Observations of Large Laboratory Outreach Programs – Part 2

In April 2015, the first in a series of two blogs (Observations of Large Laboratory Outreach Programs – Part 1) shared results of research conducted by Chi and presented at the 2015 G2 Intelligence Lab Revolution conference on how hospital-based outreach programs are confronting the new demands of healthcare. The April blog provided insights on revenue size, growth, and sources; medical staff employment; strategy focus; use of in-office phlebotomists; and types of sales representatives. Below are additional study findings with regard to the typical large laboratory outreach business:

  • 30% of respondents have at least one ACO client, but 50% have no plans to be involved with an ACO.
  • 75% of the businesses operate from a hospital-based core laboratory; the rest employ an offsite, stand-alone core laboratory. The number of hospitals supported by the core laboratory: 8.2 average, 7.0 median.
  • The most prevalent cost reduction strategies are reagent and supply contract negotiations and standardization across all laboratories.
  • Average revenue per billable test is $16.00 (median: $15.83). Average revenue per requisition is $52.04 (median: $48.87).
  • Billing is performed in-house and managed by the finance department for 85% of respondents, while 15% outsource their billing.
  • 80% secure managed care contracts by leveraging hospital contracts. Only 20% are part of a laboratory network.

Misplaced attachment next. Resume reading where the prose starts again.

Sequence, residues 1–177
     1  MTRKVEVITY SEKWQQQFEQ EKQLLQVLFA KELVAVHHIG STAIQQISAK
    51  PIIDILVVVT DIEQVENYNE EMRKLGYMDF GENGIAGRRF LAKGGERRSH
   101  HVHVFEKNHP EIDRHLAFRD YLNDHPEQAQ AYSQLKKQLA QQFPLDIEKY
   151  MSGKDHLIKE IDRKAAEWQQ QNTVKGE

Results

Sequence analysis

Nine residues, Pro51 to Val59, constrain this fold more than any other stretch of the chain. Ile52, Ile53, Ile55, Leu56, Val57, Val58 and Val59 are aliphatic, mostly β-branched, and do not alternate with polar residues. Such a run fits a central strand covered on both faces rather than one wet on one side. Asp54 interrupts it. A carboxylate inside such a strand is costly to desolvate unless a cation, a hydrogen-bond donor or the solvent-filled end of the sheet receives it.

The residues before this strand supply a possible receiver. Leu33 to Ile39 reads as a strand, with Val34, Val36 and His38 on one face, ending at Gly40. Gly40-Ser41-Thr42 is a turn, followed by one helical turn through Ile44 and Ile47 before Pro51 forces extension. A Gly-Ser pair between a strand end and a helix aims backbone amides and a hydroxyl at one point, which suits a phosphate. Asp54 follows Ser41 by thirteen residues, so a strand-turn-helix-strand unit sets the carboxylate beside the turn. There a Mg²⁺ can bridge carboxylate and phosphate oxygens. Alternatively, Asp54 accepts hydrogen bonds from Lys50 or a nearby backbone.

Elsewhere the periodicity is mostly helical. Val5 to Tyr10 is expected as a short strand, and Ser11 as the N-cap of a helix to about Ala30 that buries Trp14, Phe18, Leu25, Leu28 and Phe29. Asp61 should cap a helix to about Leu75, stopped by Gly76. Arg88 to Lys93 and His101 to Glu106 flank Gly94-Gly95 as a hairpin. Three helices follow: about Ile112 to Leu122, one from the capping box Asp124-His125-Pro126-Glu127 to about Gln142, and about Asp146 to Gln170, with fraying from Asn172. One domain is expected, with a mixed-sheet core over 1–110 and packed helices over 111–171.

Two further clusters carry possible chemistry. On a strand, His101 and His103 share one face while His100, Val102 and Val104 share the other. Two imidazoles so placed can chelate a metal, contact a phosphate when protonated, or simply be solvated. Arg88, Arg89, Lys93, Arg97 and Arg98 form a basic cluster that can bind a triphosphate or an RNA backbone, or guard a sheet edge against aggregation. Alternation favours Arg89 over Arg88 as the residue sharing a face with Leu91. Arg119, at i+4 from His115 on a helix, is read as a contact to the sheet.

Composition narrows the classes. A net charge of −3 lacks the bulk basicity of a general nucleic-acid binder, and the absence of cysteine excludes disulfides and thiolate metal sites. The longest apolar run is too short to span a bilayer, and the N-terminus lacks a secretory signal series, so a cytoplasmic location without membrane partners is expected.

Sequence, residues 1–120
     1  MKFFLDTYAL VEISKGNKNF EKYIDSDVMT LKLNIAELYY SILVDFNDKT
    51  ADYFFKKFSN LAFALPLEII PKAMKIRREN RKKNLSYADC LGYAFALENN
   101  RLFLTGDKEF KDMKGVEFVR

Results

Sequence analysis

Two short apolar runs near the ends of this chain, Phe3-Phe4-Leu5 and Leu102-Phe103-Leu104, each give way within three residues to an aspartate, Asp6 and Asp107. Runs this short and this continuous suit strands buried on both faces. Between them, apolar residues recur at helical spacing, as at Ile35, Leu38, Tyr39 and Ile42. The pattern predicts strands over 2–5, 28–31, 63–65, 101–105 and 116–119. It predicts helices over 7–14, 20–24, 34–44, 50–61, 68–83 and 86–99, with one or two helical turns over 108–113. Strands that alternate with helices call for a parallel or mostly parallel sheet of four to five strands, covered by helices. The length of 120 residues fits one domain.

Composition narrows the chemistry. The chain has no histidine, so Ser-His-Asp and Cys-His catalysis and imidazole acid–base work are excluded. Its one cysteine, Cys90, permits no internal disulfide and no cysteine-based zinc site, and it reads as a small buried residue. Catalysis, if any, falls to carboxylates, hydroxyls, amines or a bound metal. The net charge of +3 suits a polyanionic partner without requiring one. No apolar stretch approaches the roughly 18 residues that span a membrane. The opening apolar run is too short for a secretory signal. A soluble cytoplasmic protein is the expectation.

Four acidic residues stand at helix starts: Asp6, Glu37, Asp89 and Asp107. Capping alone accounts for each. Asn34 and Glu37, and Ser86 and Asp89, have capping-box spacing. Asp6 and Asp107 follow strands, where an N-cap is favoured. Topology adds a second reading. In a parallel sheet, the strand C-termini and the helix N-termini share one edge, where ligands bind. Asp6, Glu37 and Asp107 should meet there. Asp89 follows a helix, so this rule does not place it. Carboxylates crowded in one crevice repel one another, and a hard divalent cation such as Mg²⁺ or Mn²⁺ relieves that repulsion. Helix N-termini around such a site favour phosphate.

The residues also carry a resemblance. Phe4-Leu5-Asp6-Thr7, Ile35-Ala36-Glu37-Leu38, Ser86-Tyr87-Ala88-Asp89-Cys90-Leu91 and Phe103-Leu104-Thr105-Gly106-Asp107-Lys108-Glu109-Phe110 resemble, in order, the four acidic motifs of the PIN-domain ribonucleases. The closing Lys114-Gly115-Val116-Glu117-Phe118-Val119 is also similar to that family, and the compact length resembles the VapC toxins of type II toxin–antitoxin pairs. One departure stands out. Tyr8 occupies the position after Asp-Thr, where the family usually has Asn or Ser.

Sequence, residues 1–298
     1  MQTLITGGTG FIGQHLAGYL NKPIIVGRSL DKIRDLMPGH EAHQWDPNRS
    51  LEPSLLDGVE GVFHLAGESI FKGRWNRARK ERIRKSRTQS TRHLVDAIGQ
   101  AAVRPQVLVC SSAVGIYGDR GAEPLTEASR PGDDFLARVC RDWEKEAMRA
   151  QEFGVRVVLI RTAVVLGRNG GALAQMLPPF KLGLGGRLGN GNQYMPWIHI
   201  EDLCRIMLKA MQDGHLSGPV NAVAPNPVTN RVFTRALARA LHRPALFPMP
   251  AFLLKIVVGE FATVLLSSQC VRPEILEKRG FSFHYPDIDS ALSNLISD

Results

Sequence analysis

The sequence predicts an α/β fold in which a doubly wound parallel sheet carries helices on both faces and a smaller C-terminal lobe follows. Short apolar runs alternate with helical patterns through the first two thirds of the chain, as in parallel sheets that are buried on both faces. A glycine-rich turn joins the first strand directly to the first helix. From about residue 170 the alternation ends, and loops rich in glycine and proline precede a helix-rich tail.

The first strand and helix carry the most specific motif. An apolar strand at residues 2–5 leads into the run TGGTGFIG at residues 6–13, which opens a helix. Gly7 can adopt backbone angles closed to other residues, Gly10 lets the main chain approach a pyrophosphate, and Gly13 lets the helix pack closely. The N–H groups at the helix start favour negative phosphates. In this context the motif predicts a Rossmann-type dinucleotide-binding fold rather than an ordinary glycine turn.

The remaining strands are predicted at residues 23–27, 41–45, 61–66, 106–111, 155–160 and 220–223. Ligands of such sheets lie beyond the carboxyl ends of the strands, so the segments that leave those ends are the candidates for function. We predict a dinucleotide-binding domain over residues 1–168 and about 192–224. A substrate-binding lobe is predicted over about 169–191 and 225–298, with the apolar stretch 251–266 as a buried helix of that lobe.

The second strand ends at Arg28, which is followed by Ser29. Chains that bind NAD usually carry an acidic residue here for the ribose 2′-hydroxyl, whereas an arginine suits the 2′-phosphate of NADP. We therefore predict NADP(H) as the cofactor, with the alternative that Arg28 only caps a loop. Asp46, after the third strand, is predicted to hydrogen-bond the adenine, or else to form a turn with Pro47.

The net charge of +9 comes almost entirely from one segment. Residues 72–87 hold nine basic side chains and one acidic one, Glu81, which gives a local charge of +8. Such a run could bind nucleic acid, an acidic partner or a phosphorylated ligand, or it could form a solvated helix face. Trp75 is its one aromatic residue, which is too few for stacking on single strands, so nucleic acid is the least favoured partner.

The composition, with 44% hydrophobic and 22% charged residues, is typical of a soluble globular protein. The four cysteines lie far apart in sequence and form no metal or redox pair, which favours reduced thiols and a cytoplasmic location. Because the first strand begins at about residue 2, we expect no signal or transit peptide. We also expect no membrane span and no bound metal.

• The two biggest problems faced are the inability to interface quickly enough and fully (30% of respondents) and how to deal with replacing the aging workforce (25% of respondents).
  • 50% say they aren’t an acquisition candidate, 5% report they are because negotiation is underway, and the remaining 45% don’t know this status for their business.
  • 65% use a CRM for sales management, and 55% use one for problem resolution.
  • The most frequently mentioned competitive advantages are (1) great service reputation, (2) fast connectivity implementation, (3) being local, and (4) continuity of the medical record across all patient types.

The take-home messages include: large, successful outreach businesses have yet to depend on ACOs for business; most use hospital-based core laboratories; key cost reduction strategies rely on contract negotiation and laboratory standardization; managed care contracts are won via hospital contracting; and key competitive advantages are great service, fast connectivity, and being a local provider.

James M. Root, MBA
Advisor and Senior Consultant
Chi Solutions Inc.

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